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First of all thanks for even taking your time to read this question. We are hoping someone can help assist us with an issue we have been having.

We are currently working on an automotive tail light design. The issue we seem to be facing is a simple transient voltage spike (jitter?) on the regulated voltage line - specifically the +5VDC power line from our LDO to our microcontroller. Below is a diagram of our power circuitry.

Microcontroller power setup

We have a 4 +12VDC input lines and 1 ground line coming from the vehicle (see J1 connector). Each of the 4 +12VDC input lines have a TVS diode connected to stop unwanted transient voltages. The 4 +12VDC inputs are connected via a diode to the buck regulator which is configured to output 9V.After the +12VDC signal is stepped down to a +9VDC signal, it is sent to a +5VDC LDO which then provides power to the microcontroller.

I believe our issue is associated with switching on the power and the jitter we see on the 5V regulated line at the microcontroller VDD pin (pin 1). This is causing our microcontroller to turn on sections of the taillight unexpectedly and cause very strange behavior due to exceeding the upper bound of the maximum voltage allowed (+6VDC).

Here is a video of us simulating a TURN sequence. As you can see, the other sections of the LED are briefly lighting up, reverse and brake.

https://youtu.be/V7eahFkDDPY

Here is the scope output of the +5VDC pin on the microcontroller when this happen. The jitter/transient is what we believe is causing our issues.

Transient voltage spike

When we hooked up the microcontroller to a 3rd party "clean" +5VDC power supply (Arduino), we do not experience these issues.

What is the best way to make absolutely sure our microcontroller does not see these transient voltage spikes? Should we install a TVS diode at the microcontroller power pin? We added a zener diode as you can see in our schematic, but perhaps a TVS diode is better suited here such that it will react quicker.

Schematic

Bill of Materials HERE

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    \$\begingroup\$ There are no part numbers for any of the parts. Which microcontroller is that, which 5V regulator, which 9V regulator, which diodes, zeners and FETs are those? At least one thing sticks out, there is no high frequency bypass caps anywhere. Also the PCB wiring is important, as there are high currents running through the board, and high frequency switch mode regulator. \$\endgroup\$
    – Justme
    Nov 12, 2021 at 16:55
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    \$\begingroup\$ My apologies - I have since added a link to the BOM (Bill of Materials) at the bottom of the post. Your point regarding the high frequency bypass capacitors is definitely an important one. We have installed a 1uF capacitor at the microcontroller VDD pin to mitigate high frequency noise. Is this not sufficient? \$\endgroup\$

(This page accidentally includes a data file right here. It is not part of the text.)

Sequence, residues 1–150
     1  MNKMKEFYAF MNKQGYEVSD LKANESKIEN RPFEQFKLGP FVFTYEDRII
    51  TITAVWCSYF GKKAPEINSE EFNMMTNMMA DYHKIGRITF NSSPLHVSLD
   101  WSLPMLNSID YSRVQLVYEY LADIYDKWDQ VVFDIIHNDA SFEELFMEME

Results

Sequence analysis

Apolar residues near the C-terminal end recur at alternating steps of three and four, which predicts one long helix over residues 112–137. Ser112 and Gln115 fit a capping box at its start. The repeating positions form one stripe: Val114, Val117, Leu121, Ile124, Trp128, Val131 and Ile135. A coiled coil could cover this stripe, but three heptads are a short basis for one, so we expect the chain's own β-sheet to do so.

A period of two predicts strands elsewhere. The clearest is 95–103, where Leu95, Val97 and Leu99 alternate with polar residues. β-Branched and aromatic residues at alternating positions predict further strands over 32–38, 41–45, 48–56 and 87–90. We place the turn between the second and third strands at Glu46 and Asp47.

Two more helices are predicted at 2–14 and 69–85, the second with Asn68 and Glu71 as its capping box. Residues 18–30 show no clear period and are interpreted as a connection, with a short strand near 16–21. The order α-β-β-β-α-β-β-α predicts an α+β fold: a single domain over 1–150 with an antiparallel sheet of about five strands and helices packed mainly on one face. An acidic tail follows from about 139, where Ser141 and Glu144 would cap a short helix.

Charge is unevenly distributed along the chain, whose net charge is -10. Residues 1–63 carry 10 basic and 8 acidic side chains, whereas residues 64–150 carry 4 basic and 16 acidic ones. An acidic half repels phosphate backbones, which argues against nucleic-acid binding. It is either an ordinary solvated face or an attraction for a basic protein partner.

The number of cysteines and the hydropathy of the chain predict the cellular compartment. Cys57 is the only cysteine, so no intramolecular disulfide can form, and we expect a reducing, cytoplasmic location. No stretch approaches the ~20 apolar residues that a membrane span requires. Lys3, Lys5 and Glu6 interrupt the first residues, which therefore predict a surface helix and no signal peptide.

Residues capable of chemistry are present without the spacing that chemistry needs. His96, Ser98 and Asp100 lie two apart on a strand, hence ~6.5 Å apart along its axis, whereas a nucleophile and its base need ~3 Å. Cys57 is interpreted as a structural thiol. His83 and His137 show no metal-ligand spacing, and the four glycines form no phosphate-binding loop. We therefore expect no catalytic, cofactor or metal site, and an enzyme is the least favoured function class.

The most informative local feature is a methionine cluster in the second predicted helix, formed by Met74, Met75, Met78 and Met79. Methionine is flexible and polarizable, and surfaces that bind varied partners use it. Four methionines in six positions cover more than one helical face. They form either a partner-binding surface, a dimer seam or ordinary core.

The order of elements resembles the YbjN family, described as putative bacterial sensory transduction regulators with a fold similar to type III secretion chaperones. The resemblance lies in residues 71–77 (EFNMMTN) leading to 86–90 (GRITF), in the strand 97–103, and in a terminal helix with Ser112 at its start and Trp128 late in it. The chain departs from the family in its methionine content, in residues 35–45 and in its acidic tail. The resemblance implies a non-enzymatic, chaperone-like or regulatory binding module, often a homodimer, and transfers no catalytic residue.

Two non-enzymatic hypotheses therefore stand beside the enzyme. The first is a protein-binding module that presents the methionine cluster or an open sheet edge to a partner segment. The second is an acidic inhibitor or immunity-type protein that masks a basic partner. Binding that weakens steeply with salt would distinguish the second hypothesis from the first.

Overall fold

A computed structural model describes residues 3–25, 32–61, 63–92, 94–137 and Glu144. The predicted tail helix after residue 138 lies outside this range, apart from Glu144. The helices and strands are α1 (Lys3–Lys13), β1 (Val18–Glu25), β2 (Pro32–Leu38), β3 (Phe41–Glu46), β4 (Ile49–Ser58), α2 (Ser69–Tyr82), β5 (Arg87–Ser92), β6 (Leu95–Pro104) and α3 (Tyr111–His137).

– jacob80
    Nov 12, 2021 at 17:23
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    \$\begingroup\$ Where is the decoupling for the MCU? \$\endgroup\$
    – winny
    Nov 12, 2021 at 18:05
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    \$\begingroup\$ C5 is the capacitor I am referring to \$\endgroup\$
    – jacob80
    Nov 12, 2021 at 18:06
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    \$\begingroup\$ Try triggering the scope on the biggest spike (eg trigger at 6V or so, based on what is visible) and zoom in the horizontal div, to get an idea of what time scale this is. Then use one of the other channels to see if any of the power mosfets are switching at that time... \$\endgroup\$
    – Pete W
    Nov 13, 2021 at 0:05

2 Answers 2

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I think the main cause is the zener diode on MCU supply. If for example a voltage of switcher rises above the zener threshold, the later will start conducting and cause the switcher to further rise the voltage to compensate the drop.

IMO, you over complicated things where you shouldn't but you forgot some essentials, like a unipolar TVS protection on the input:

schematic

simulate this circuit – Schematic created using CircuitLab

Next, the inputs don't need optos, since the PSU isn't isolated type, a resistor and zener would suffice.

schematic

simulate this circuit

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    \$\begingroup\$ We do have unidirectional TVS diodes on the input lines (D10-D13). I'm not sure I follow your 2nd point regarding the signal lines coming in from the connector. We added the optocoupler (IC4) to isolate the noisy inbound vehicle signals from the microcontroller pins. Are you saying that an optocoupler is overkill for this use case and just using a resistor and zener would suffice? For the record, there is no constant power supply in this design. The 4 switching +12VDC lines coming from the vehicle must both act as signals and provide power. \$\endgroup\$
    – jacob80
    Nov 12, 2021 at 17:56
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You have the headroom to use an active filter aka capacitance multiplier between the 12V supply (or even 9V supply) and the 5V regulator.

schematic

simulate this circuit – Schematic created using CircuitLab

R1, C1 form a low pass filter, and Q1 is configured as a voltage (emitter) follower. The three components combined are called a "capacitance multiplier" and will clean up the voltage supplied to the 5V regulator. (Doesn't have to be 7805, that was just what was available in CircuitLab).

The choice of Q1 will depend upon the current you need, and R1, C1 values will follow.

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